Dependent and Independent Clauses

Kristin Fracchia
Lesson by Kristin Fracchia
Magoosh Expert
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This video is about dependent and independent clauses, which is really one of the most important things you need to know for the English test. Because you are going to be tested over and over again about combining sentences or determining if something is a sentence fragment or a run-on. And so it's really important that you know the difference. So let's just take a look at some introductory examples.

So let's say we have the man who knocked on the door. Is this a complete sentence? Well, we have a subject, we have a verb, but we have this pesky who here, and what that does is it makes it not a sentence. It makes it a dependent clause, so I'm gonna call that D.C. right here. So, this is describing the man who knocked on the door, or the, describing the man knocked on the door.

It's the man who knocked on the door. So it's not just the man went to the store, it's the man who knocked on the door went to the store. That would be kinda a weird thing to say, but you get the point. So this is defining, it's a definite article defining the man who knocked on the door.

And because that who is there, it makes it a dependent clause. Now, if that who wasn't there, it would be an independent clause. It could stand alone as a sentence. The man who knocked on the door almost splintered it. So now we have a subject, the man who knocked on the door. And we have a verb, he almost splintered it.

So we have an independent clause here, because it can stand alone as a sentence. When the man knocked on the door. Now if it just said the man knocked on the door, that would be a sentence. But we have a pesky, we have one of those other words here like who or when, and that is making it a dependent clause. It depends on the other part of the sentence that needs to go with it.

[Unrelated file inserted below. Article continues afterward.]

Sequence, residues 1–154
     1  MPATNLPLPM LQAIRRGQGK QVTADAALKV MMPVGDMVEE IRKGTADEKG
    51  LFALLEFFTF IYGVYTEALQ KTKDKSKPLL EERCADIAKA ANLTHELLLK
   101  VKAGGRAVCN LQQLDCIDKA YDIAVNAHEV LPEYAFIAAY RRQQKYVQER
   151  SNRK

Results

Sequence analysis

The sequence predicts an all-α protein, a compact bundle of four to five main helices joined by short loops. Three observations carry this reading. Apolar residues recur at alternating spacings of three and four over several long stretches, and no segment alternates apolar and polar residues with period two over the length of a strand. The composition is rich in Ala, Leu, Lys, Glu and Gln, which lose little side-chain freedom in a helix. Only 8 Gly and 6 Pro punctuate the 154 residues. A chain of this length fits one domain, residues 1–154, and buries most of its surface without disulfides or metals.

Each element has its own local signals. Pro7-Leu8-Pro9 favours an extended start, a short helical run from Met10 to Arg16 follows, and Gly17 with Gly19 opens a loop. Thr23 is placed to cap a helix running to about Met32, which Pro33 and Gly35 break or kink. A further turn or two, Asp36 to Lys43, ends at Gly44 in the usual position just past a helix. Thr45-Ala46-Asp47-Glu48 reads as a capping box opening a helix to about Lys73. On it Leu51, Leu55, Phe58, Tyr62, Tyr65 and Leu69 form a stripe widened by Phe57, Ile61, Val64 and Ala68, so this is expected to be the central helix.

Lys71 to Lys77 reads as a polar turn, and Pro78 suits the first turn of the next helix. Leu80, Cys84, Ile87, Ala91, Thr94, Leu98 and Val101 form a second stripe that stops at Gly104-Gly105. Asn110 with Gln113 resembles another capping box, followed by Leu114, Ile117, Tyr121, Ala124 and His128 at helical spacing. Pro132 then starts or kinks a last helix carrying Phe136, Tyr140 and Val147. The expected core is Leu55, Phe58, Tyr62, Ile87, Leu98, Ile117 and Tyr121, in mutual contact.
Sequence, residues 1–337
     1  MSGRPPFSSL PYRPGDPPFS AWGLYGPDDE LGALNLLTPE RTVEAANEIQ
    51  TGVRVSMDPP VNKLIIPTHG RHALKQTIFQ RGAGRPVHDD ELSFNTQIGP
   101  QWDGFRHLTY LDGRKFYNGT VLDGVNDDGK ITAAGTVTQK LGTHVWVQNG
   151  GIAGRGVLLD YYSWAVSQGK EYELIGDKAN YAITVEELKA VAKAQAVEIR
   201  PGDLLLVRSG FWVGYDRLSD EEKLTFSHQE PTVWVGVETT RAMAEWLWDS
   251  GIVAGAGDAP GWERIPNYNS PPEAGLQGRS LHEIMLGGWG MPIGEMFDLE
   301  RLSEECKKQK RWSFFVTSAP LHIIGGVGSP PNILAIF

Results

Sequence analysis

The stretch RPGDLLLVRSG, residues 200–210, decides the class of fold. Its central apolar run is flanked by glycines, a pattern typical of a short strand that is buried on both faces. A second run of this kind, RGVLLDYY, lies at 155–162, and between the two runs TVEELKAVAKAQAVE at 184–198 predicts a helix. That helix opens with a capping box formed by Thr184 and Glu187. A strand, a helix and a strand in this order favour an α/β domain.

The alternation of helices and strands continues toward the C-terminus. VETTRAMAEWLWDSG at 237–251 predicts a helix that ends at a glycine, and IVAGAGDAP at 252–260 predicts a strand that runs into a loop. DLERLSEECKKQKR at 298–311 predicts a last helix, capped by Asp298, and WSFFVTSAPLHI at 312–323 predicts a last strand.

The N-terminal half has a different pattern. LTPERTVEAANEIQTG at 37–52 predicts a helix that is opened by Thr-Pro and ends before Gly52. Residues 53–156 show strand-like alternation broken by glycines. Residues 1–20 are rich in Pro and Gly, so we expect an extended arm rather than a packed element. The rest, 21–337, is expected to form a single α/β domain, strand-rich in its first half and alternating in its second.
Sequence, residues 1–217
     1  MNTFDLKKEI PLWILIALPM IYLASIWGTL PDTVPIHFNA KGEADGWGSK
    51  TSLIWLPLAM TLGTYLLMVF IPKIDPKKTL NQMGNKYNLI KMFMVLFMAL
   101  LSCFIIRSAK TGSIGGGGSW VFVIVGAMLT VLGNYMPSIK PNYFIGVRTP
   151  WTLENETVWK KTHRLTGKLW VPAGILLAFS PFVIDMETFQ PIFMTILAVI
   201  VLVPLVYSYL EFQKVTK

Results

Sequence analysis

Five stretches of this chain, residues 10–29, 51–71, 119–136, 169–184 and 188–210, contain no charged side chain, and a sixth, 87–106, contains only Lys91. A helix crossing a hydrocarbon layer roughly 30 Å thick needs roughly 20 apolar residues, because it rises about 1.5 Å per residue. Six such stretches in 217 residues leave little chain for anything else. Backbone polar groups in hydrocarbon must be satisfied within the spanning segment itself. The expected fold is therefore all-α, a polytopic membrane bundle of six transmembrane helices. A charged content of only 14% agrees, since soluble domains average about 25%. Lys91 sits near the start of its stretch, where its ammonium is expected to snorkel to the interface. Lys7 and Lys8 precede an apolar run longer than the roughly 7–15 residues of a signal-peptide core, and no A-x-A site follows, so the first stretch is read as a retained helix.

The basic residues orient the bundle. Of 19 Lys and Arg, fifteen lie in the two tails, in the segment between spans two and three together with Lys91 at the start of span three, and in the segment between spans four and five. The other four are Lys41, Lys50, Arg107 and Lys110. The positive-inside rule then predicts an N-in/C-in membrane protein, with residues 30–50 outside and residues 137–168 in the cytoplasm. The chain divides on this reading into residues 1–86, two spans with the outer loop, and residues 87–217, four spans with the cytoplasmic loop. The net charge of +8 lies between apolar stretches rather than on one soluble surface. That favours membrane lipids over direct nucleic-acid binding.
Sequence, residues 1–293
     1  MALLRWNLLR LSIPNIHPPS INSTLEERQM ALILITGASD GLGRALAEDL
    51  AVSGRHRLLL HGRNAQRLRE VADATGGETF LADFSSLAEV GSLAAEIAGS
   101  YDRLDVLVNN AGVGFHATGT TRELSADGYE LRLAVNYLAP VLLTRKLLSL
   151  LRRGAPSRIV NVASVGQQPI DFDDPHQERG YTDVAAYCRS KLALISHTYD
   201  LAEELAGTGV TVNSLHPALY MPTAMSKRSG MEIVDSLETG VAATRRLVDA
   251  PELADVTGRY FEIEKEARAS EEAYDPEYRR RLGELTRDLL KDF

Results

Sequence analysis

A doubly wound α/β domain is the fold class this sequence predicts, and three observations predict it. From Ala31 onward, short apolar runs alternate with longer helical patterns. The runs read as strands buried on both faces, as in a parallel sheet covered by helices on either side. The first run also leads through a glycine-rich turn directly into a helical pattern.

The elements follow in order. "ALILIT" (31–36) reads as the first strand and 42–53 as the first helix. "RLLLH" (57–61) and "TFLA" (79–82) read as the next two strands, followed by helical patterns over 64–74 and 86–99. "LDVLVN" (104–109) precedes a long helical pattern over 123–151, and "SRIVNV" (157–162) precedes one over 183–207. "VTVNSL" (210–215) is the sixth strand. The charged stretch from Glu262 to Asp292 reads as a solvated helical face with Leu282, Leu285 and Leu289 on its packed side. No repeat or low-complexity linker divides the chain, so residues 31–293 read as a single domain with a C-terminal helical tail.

So for example, when the man knocked on the door, he almost splintered it. Here is our independent clause, he almost splintered it. We have a subject, he. We have a verb, splintered. And then we have this first part here is our dependent clause. It depends on the rest of that sentence.

When the man knocked on the door, that establishes the time or frame here, or the circumstances surrounding it, and he almost splintered it. All right, let's go ahead and look a little bit more specifically about what the difference is here. Let's go through some definitions. So an independent clause had a subject and a verb.

It expresses a complete thought. This is a key way that a lot of students are taught to think about it. It helps to think about whether you're expressing a complete thought. So for example, when the man knocked on the door. You're like, what happened, what happened when the man knocked on the door? It's not a complete thought.

But when the man knocked on the door, he almost splintered it, or just he almost splintered it, is a complete thought. And an independent clause can stand alone as a sentence. So in other videos on run-ons and comma splices and things like that you'll often hear me refer to independent clauses being able to stand alone as sentences. A dependent clause, here's a trick, it also has a subject and a verb.